As a SQL Server DBA it is absolutely vital you regularly take backups of the databases you look after. If something goes wrong, a restore is required and there is no (valid) backup, guess who will get the blame? You really don’t want to be sitting in a meeting with fingers pointed at you.
Earlier this year I attended a SQL Skills training course (www.sqlskills.com) and one piece of advice that really stuck with me was that you should think about your restore strategy, not your backup strategy when it comes to disaster recovery planning.
I think this is a great way of approaching disaster recovery, think about it. Do you really want to be restoring hundreds of transaction log backups? How long would that take?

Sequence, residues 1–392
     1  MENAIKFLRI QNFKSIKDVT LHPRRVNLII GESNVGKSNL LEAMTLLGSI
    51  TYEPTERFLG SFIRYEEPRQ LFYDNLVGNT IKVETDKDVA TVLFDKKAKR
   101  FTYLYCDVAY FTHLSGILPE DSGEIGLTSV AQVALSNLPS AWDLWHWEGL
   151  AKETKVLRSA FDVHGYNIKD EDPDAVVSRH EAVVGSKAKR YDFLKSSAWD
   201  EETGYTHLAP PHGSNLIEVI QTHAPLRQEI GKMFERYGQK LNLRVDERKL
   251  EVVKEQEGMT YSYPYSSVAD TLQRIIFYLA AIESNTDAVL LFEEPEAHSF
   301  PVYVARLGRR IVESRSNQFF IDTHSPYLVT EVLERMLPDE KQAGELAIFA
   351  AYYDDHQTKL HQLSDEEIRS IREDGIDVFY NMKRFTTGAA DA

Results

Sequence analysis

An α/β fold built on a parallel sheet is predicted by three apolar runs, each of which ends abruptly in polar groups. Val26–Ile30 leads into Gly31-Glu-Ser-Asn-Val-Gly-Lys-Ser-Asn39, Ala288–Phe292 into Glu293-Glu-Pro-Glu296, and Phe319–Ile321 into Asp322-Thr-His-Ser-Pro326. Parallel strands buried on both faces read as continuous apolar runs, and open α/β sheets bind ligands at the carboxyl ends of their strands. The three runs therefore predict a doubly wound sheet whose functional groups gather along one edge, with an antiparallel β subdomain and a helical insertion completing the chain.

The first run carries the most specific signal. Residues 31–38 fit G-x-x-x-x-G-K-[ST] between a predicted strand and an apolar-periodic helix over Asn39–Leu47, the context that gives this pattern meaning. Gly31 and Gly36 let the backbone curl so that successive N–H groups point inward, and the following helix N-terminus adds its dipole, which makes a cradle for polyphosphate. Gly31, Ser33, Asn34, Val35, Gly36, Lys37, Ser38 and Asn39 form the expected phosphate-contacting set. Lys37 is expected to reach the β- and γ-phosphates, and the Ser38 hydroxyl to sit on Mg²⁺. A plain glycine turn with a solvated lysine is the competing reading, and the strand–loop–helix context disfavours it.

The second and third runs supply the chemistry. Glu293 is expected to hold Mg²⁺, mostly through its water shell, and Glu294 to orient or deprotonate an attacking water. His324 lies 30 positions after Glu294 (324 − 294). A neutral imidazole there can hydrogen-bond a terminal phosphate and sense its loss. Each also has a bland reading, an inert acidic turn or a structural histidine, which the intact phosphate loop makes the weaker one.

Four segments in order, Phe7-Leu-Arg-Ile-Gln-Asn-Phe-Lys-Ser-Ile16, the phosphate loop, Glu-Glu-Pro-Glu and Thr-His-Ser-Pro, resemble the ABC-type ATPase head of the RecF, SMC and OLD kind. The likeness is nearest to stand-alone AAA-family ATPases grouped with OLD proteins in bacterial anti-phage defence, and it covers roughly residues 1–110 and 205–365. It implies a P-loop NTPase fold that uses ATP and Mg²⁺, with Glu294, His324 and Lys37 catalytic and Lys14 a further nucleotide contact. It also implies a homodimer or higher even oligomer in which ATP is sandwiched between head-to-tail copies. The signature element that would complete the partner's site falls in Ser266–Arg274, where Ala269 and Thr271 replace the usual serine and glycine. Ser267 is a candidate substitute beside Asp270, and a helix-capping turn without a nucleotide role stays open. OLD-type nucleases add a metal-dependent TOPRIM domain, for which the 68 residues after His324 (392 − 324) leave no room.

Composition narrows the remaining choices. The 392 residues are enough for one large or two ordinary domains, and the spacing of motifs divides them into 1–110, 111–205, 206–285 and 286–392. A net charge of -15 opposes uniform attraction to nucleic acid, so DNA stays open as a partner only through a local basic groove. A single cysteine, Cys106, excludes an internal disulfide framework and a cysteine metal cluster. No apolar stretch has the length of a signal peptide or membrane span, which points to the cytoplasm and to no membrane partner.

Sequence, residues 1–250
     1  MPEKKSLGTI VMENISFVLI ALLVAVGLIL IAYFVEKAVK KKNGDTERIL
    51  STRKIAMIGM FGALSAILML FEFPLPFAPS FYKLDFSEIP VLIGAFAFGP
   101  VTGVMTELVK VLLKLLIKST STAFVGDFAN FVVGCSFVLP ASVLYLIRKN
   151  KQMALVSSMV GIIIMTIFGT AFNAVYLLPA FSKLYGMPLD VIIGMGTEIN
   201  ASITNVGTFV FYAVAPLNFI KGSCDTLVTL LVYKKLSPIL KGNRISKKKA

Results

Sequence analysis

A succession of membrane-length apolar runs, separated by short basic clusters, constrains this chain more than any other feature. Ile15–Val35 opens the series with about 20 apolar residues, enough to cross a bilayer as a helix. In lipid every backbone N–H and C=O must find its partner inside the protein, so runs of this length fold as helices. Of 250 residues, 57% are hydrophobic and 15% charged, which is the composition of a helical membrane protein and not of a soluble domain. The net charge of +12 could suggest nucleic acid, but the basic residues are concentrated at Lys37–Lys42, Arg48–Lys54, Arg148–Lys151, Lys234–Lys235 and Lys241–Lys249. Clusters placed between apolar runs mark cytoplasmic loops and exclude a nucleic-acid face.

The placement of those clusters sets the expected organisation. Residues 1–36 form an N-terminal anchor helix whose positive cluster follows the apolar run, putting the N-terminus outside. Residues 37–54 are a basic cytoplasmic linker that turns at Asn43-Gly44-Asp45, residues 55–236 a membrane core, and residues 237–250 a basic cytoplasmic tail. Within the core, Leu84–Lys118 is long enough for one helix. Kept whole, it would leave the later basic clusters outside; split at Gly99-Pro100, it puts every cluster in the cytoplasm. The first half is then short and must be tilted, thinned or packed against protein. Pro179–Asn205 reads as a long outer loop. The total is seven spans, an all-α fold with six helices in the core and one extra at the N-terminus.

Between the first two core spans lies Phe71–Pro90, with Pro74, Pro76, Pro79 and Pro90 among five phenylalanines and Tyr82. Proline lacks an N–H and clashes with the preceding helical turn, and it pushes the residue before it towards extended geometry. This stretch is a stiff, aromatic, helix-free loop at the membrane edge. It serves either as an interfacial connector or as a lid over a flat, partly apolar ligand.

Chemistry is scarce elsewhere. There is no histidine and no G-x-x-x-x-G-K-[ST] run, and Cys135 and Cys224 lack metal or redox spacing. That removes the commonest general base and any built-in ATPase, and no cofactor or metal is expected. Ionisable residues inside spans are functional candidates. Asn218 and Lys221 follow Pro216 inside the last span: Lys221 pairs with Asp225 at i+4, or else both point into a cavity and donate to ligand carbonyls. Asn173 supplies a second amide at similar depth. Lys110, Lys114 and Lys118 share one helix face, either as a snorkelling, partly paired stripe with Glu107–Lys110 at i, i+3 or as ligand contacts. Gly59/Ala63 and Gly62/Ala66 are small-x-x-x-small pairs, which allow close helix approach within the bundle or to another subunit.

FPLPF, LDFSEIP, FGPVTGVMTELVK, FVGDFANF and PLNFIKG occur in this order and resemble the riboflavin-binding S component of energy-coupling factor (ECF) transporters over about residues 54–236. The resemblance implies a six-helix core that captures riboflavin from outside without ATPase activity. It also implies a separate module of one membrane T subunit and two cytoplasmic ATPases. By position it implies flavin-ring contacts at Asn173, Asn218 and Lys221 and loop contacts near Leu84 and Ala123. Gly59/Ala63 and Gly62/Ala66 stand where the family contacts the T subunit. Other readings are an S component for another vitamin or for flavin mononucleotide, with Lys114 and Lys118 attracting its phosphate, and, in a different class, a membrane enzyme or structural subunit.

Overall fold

The best way of determining the best recovery strategy is to test restoring the backups taken and seeing if the plan you have put in place meets the RTO and RPO requirements of the system:-
RTO – Recovery Time Objective – What is the acceptable time period to bring the database online?
RPO – Recovery Point Objective – What (if any) is the acceptable data loss in the event of a disaster?
When testing the two questions any DBA should be asking are:-
What will I do if the database becomes corrupt?
What will I do if the server hosting the database fails?
You must be able to recover the database as quickly as possible, with the minimum amount of restores in the event of either the database being corrupted or the server failing. Being able to recover the database with no data loss but taking a week to do so really isn’t going to be very good.
I think there is a danger, with a demanding workload, for DBAs to implement a standard “default” recovery strategy and then not performing any testing to verify its suitability. The only time the plan will get tested is when a live database needs to be restored, a dangerous place to be.